A Quote by Renee Hogan on anger, garden, losing, love, plants, pleasure, rest, seasons, and world

One can get lost in their garden and the rest of the world ceases to exist, if only for a while. Anger disipates with every shovel of dirt moved, pleasure is found in the simplest forms, excitement is felt as each tiny plant matures and then triumph with the harvest of the first tomato of the season. The love of gardening never goes away. Even if someone is unable to garden themselves, they enjoy the gardens of others.

Renee Hogan

Contributed by: Zaady

A Quote by Reverend Sidney Strong on age, good, hatred, jealousy, life, memory, past, people, and seasons

But all old people are not good. Some are reaping the harvest of iniquity. The passions have never been chained. Jealousy and hatred have grown stronger with the declining years, when old age is a season of lamentations. Past memories rise up to shake their bony fingers and mock. Life goes out in the midst of clouds and lightnings.

Reverend Sidney Strong

Contributed by: Zaady

A Quote by Reginald Horace Blyth on books, organize, and seasons

Regarding R. H. Blyth: The first book in English based on the saijiki is R. H. Blyth's Haiku, published in four volumes from 1949 to 1952. After the first, background volume, the remaining three consist of a collection of Japanese haiku with translations, all organized by season, and within the seasons by traditional categories and about three hundred seasonal topics.

Reginald Horace Blyth (1898 - 1964)

Source: William J. Higginson, The Haiku Seasons, 1996, p. 119 [saijiki]

Contributed by: Zaady

A Quote by Reginald Horace Blyth on brevity, experience, feeling, literature, nature, quality, rest, seasons, and world

It is not merely the brevity by which the haiku isolates a particular group of phenomena from all the rest; nor its suggestiveness, through which it reveals a whole world of experience. It is not only in its remarkable use of the season word, by which it gives us a feeling of a quarter of the year; nor its faint all-pervading humour. Its peculiar quality is its self-effacing, self-annihilative nature, by which it enables us, more than any other form of literature, to grasp the thing-in-itself.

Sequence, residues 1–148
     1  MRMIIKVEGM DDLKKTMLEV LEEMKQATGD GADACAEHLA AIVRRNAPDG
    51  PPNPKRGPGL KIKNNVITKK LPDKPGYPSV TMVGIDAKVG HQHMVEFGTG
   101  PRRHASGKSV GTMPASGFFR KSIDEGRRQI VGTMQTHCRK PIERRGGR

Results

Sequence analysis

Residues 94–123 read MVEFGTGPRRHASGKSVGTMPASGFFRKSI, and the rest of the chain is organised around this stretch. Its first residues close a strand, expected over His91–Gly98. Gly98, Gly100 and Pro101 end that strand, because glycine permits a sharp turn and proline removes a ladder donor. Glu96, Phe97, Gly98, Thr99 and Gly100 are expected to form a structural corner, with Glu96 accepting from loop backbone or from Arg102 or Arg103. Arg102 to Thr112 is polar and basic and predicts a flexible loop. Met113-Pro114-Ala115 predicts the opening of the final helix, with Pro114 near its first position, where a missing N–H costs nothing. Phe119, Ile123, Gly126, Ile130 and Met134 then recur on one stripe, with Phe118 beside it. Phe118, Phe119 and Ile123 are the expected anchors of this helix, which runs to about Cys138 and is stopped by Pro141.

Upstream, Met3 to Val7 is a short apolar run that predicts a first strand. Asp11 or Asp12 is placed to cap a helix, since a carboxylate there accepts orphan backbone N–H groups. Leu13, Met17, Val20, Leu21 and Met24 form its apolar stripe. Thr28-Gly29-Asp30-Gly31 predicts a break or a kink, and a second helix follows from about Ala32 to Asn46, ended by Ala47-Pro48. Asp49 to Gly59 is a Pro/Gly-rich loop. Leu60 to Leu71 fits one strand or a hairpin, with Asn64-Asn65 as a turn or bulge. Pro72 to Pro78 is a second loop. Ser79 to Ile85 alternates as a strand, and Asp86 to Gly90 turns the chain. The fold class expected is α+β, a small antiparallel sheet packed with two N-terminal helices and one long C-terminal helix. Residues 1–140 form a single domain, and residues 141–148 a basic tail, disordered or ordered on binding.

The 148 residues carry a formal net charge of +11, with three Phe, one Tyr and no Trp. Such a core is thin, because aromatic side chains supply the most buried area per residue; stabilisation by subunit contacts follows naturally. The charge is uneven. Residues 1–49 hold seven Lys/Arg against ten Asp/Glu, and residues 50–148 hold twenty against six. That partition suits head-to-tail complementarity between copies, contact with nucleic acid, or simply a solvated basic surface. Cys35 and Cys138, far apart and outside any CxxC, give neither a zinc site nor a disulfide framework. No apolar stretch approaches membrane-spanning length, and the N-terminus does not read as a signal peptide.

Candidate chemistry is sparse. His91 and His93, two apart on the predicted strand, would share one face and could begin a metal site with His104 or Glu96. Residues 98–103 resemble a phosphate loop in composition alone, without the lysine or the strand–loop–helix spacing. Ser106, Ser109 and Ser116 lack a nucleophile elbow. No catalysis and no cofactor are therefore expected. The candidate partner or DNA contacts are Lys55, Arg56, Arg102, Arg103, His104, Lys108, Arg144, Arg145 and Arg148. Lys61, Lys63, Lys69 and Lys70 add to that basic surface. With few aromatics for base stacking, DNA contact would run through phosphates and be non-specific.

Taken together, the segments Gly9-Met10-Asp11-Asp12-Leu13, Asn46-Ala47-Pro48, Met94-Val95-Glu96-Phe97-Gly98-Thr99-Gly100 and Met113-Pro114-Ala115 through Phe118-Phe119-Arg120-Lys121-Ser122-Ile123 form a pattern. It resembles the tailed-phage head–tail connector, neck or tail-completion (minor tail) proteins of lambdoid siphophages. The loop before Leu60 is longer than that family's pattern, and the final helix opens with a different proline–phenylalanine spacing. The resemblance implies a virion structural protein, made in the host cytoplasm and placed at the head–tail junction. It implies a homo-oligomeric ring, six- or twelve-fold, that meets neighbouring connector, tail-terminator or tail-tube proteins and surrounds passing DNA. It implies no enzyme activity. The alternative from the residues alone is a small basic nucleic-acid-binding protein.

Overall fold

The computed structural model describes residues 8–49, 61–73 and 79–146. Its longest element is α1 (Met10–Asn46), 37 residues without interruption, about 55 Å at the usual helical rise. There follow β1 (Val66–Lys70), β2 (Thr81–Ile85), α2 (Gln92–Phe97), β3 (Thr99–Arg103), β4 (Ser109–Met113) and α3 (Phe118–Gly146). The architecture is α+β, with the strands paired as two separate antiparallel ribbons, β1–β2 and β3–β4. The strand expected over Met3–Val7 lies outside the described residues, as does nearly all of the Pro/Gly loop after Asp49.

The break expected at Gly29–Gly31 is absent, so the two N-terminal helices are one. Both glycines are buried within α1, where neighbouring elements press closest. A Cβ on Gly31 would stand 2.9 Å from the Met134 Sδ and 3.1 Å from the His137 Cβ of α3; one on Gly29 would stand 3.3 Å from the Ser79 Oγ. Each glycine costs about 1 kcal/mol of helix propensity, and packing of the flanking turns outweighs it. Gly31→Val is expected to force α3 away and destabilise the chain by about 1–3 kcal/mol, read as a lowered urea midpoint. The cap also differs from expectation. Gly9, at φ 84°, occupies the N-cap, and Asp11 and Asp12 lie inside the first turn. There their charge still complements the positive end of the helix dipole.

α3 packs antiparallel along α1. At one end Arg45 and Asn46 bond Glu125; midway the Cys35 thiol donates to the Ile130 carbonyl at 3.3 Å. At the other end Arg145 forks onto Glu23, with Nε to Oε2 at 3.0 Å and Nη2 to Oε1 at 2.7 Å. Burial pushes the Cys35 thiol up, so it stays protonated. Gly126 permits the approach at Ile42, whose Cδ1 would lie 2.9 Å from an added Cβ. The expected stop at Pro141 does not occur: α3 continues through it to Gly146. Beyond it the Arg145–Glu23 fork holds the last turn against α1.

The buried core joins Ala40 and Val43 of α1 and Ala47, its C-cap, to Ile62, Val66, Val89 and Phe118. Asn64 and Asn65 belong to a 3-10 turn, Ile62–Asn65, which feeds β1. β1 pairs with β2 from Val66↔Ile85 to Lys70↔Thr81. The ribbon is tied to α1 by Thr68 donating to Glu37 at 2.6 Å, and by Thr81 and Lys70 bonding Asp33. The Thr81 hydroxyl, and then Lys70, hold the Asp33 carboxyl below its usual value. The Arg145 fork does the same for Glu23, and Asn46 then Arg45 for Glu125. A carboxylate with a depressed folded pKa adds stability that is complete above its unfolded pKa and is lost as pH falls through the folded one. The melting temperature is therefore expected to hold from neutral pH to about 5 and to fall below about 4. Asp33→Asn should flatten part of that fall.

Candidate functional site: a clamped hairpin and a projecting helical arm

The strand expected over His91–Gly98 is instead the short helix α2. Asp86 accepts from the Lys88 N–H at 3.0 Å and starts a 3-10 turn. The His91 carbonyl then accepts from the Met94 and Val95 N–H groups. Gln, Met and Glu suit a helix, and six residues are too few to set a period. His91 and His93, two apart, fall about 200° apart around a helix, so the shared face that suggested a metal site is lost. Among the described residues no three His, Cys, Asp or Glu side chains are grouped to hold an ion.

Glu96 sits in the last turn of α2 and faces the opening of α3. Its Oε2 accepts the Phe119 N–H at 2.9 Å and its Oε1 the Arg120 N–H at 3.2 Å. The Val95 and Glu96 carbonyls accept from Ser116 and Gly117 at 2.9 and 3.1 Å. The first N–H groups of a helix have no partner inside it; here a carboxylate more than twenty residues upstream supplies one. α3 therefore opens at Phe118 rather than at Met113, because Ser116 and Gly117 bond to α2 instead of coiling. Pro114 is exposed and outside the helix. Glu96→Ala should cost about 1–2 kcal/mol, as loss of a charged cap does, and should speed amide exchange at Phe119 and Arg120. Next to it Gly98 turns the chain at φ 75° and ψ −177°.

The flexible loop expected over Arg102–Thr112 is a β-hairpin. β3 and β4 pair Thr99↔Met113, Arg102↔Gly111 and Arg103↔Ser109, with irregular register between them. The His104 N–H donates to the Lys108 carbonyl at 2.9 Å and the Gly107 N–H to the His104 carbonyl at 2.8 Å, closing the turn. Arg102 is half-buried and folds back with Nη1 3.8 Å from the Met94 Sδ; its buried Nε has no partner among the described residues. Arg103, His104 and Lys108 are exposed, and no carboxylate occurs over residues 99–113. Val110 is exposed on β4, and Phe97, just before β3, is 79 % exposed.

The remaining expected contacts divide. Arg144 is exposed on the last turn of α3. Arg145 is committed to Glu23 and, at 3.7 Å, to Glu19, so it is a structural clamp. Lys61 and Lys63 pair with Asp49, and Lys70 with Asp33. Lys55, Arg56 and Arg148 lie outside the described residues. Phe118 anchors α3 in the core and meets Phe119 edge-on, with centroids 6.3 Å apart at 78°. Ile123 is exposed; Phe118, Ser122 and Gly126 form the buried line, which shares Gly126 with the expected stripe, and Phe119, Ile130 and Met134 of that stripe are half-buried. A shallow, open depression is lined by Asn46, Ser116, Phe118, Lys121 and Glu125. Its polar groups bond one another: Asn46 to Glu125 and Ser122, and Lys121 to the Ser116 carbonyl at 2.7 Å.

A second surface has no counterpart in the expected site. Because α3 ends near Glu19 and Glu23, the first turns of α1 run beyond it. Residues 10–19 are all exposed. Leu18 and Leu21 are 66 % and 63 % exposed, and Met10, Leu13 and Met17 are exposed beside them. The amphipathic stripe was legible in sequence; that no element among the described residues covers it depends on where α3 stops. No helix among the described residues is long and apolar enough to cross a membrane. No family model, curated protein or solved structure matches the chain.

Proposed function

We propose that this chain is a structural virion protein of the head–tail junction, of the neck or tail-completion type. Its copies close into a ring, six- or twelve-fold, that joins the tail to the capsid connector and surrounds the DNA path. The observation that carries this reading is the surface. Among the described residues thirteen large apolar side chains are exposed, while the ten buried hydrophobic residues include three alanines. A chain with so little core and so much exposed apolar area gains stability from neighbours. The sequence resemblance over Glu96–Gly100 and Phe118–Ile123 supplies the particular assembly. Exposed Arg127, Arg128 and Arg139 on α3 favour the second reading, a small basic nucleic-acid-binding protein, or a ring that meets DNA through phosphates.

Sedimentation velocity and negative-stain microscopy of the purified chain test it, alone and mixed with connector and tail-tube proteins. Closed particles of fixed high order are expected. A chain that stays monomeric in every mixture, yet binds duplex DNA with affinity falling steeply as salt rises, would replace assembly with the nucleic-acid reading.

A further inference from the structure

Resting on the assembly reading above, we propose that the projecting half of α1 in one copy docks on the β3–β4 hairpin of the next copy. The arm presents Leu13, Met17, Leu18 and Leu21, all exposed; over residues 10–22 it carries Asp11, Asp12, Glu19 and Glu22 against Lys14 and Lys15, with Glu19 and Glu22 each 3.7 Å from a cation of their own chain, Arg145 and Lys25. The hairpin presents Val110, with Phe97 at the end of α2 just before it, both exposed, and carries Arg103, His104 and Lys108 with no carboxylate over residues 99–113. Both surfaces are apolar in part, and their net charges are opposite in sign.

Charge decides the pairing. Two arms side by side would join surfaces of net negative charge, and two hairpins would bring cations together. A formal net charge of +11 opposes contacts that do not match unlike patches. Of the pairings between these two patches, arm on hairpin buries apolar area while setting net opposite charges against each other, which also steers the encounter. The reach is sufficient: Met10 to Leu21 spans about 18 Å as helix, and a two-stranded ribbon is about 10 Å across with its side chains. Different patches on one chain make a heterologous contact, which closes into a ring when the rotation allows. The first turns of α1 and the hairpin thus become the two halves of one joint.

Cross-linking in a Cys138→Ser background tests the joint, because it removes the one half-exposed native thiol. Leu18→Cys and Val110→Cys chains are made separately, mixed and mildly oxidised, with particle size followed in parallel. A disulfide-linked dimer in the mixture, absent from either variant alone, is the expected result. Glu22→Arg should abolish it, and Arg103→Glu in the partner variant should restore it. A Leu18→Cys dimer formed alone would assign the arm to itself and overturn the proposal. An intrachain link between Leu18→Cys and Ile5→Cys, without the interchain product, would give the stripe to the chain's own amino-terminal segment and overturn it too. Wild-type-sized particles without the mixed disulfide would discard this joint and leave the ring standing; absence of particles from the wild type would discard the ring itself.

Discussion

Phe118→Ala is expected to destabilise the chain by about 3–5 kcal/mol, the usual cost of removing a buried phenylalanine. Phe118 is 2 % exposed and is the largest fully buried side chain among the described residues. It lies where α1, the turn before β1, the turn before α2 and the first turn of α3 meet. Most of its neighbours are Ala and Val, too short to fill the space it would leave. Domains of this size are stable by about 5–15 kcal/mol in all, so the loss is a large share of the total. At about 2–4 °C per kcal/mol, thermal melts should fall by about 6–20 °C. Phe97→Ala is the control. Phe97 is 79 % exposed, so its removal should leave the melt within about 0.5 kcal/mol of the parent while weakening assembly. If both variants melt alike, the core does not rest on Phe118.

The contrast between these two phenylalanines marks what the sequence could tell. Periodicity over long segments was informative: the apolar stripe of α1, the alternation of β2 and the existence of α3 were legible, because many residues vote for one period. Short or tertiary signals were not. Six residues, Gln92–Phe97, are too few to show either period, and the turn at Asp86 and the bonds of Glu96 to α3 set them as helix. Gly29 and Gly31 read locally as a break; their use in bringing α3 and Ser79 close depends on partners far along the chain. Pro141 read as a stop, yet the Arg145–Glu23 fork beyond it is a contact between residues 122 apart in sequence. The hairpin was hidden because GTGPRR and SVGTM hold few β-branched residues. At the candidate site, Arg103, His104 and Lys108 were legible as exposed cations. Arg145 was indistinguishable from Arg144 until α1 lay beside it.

Reginald Horace Blyth (1898 - 1964)

Source: Zen Quotes — Haiku, Volume 4, p. 980.

Contributed by: Zaady

A Quote by Red Auerbach on basketball, coaching, history, seasons, and winning

When players are used to winning, they put out a little more. Basketball 3rd winningest coach (regular season and playoffs) in NBA history; won 1,037 times in 20 years;

Red Auerbach (1917 -)

Contributed by: Zaady

A Quote by Phineas Taylor Barnum on justice, seasons, and work

Whatever you do, do it with all your might. Work at it, early and late, in season and out of season, not leaving a stone unturned, and never deferring for a single hour that which can be done just as well as now.

P.T. Barnum (1810 - 91)

Contributed by: Zaady

A Quote by Pearl S. Buck on heart, praise, and seasons

Praise out of season, or tactlessly bestowed, can freeze the heart as much as blame.

Pearl S. Buck (1892 - 1973)

Contributed by: Zaady

A Quote by Patricia Hampl on beauty, day, pride, religion, and seasons

The cold was our pride, the snow was our beauty. It fell and fell, lacing day and night together in a milky haze, making everything quieter as it fell, so that winter seemed to partake of religion in a way no other season did, hushed, solemn.

Patricia Hampl

Contributed by: Zaady

A Quote by Oliver Wendell Holmes on art, heaven, life, past, seasons, and soul

Build thee more stately mansions, O my soul, As the swift seasons roll! Leave thy low-vaulted past! Let each new temple, nobler than the last, Shut thee from heaven with a dome more vast, Till thou at length art free, Leaving thine outgrown shell by life's unresting sea!

Oliver Wendell Holmes (1809 - 1894)

Source: The Chambered Nautilus.

Contributed by: Zaady

A Quote by Nikos Kazantzakis on heart, joy, mind, paradise, and seasons

To cleave that sea [the Aegean] in the gentle autumnal season, murmuring the name of each islet, is to my mind the joy most apt to transport the heart of man into paradise.

Nikos Kazantzakis (1883 - 1957)

Source: Zorba the Greek, 1946, ch. 2

Contributed by: Zaady

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